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Supply to full time.

Discussion in 'Career clinic' started by mrjack, Jul 14, 2019.

  1. mrjack

    mrjack Occasional commenter

    HI all,
    After how many years of constant supply do you think you become labelled as a supply teacher and no longer considered for long term full time posts ?
    Iv'e been teaching over twenty years, prior to 2016 my last two roles were four years and five years. Since 2016 my career has gone off the rails, short term contracts / long term supply, and day to day supply. Now top of the payscale UPS 3.
    Finding something full time is proving very difficult.
    DexterDexter likes this.
  2. mothorchid

    mothorchid Star commenter

    It must be demoralising for you. I assume you are applying and not being offered the posts? If it's a question of no posts being available, then not much anyone can do to help, I'd think.
    Without giving too much information away, what were the reasons for your career going off the rails three years ago? Ill health? family reasons? A job move which didn't work out? Is there anything you can do to present this in a better manner?
    What feedback are you getting after interviews? Is there anything there which might help?
    You are a costly teacher. Salary is now negociable. I hesitate to suggest this, but you are clearly managing at the moment on less money that full time UPS3 would bring in. Are you prepared to state that you might be open to a lower salary for the sake of the right job? (I don't like this as an idea, but I am not in your position. It depends how desperate you are.)
    Next term there will be posts advertised again. Is there anyone who you could show your CV and/or application form and/or letter to so that it can be as good as possible?
    Good luck.
    agathamorse likes this.
  3. mrjack

    mrjack Occasional commenter

    It is very demoralising. I was bullied out of a role / took redundancy in the end but struggled as they black balled me for a few counties and made it very difficult to move on. I was the first victim, two others have been through the same since. There are few jobs where I am which is part of the problem, my subject is not really in high demand and of course the cheaper option is often preferred. Supply is not exactly doable as there is increasing use of cover supervisors, HLTA's and assistants to cover what used to be a trained teachers job. How the unions have allowed this to happen I will never know.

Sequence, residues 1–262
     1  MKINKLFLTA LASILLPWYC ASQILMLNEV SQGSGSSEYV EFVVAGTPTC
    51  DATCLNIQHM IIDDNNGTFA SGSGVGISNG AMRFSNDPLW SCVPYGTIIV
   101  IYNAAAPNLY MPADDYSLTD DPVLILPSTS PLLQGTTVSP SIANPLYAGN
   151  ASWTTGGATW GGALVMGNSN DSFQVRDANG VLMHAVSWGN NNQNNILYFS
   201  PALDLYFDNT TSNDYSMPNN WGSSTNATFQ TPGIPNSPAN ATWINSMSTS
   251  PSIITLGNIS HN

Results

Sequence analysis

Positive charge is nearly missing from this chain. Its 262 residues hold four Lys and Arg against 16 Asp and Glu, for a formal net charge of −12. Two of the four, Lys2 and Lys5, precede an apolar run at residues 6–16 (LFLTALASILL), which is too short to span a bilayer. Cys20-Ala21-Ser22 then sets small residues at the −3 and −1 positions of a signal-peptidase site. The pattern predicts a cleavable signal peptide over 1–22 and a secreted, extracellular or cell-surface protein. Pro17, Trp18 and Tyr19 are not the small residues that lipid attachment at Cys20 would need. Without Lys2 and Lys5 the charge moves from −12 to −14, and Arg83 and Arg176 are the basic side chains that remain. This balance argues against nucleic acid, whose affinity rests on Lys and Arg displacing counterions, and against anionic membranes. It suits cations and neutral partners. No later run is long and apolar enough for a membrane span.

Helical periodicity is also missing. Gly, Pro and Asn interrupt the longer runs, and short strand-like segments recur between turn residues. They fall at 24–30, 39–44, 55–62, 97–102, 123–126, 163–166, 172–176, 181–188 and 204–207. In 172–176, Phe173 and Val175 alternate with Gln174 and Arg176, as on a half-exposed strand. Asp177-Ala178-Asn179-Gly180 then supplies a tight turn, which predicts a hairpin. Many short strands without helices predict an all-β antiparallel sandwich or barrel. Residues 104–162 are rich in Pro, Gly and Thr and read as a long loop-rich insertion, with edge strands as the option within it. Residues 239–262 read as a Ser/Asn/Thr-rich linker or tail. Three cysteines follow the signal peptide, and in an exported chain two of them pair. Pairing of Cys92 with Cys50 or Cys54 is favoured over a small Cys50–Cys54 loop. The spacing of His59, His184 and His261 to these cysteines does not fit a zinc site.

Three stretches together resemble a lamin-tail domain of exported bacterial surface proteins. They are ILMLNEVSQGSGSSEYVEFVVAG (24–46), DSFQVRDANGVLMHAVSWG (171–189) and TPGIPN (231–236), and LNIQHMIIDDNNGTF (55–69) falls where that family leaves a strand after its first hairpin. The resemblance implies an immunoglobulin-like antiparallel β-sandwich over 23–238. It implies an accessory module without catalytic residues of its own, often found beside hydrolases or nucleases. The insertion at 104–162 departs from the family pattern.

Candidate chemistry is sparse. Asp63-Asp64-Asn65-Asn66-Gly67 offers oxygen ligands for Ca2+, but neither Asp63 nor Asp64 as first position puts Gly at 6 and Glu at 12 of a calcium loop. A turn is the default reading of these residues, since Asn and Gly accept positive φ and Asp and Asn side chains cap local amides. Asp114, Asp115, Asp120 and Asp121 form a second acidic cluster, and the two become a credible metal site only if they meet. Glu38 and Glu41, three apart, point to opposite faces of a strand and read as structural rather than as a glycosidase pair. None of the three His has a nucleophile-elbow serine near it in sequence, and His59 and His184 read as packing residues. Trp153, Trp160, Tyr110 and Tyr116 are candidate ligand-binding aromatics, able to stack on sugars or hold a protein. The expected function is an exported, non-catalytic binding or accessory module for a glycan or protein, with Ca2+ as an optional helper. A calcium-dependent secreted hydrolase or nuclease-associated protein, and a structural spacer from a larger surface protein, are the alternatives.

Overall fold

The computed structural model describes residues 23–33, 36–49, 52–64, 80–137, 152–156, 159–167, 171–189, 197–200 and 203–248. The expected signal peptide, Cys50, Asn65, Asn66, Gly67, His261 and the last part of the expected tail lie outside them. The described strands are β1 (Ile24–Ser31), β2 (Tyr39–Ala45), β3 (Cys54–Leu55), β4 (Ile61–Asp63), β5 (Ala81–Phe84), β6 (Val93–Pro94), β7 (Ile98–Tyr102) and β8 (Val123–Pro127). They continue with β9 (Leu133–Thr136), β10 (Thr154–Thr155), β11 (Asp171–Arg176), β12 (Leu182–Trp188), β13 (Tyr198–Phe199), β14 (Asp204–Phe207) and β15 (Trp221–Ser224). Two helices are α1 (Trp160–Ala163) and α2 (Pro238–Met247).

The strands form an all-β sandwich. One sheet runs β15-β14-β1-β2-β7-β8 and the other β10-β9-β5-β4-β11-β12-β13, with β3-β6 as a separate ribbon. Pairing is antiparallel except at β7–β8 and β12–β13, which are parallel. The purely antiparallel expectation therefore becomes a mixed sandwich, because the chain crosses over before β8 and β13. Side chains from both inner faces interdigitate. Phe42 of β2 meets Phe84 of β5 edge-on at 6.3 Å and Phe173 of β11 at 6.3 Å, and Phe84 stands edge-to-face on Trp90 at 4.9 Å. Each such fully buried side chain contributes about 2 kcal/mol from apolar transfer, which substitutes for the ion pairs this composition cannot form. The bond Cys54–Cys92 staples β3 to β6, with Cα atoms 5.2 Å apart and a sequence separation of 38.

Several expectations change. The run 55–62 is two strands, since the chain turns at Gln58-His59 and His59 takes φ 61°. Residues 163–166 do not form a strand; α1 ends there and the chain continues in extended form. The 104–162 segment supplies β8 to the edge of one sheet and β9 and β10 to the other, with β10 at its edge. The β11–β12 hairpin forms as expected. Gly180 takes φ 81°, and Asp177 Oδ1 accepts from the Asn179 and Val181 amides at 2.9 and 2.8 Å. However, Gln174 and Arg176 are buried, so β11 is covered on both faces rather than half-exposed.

I don't think I interview really well either as I'm not full of it and just get on with the job and do it.
    DexterDexter and agathamorse like this.
  4. BYusuf

    BYusuf Occasional commenter TES Careers peer advisor

    Hi mrjack,

    After that demoralising experience , i can imagine that it has also taken a long time to get over...

    In addition to what @mothorchid suggested, I would add that you find someone to support you with interview practice.

    All the best,
    mrjack and mothorchid like this.
  5. mrjack

    mrjack Occasional commenter

    Thanks to the respondents so far.
    So the question remains, after how long on supply contract / day to day does it become very difficult to get a full time job.
  6. becky70

    becky70 Occasional commenter

    I think the answer to your question will vary according to where you are in the country, subject, age phase etc and where you are on the pay scale.
    As a primary teacher on the UPS I'd expect to struggle for a permanent post the second I started supply. When I was in that position I applied for quite a few posts but didn't get them I've only got a permanent post now because one of the schools where I did supply employed me - on a temporary basis initially but then permanent.
    If I taught maths or science in a part of the country with huge shortages I'd expect to be able to do supply for as long as I felt like it.
    It's a positive if you're getting interviews. It would be useful to know who you're losing out to - NQTs, teachers currently in post etc.
    agathamorse likes this.
  7. mrjack

    mrjack Occasional commenter

    I'm UPS3 not really a shortage subject but I am adaptable and able to teach more than one area.
    My best bet is for something to develop from Supply at a particular school. Very few jobs advertised where I live, rural area., jobs for life etc
    agathamorse and JohnJCazorla like this.
  8. DYNAMO67

    DYNAMO67 Lead commenter

    Remember you aren’t ups 3. You aren’t anything. The school can and will offer you whatever they want. On the plus side, you do have the ability to make clear in letters that whilst you were ups in your last school you are happy to come down the pay scale to find a new job
    agathamorse likes this.

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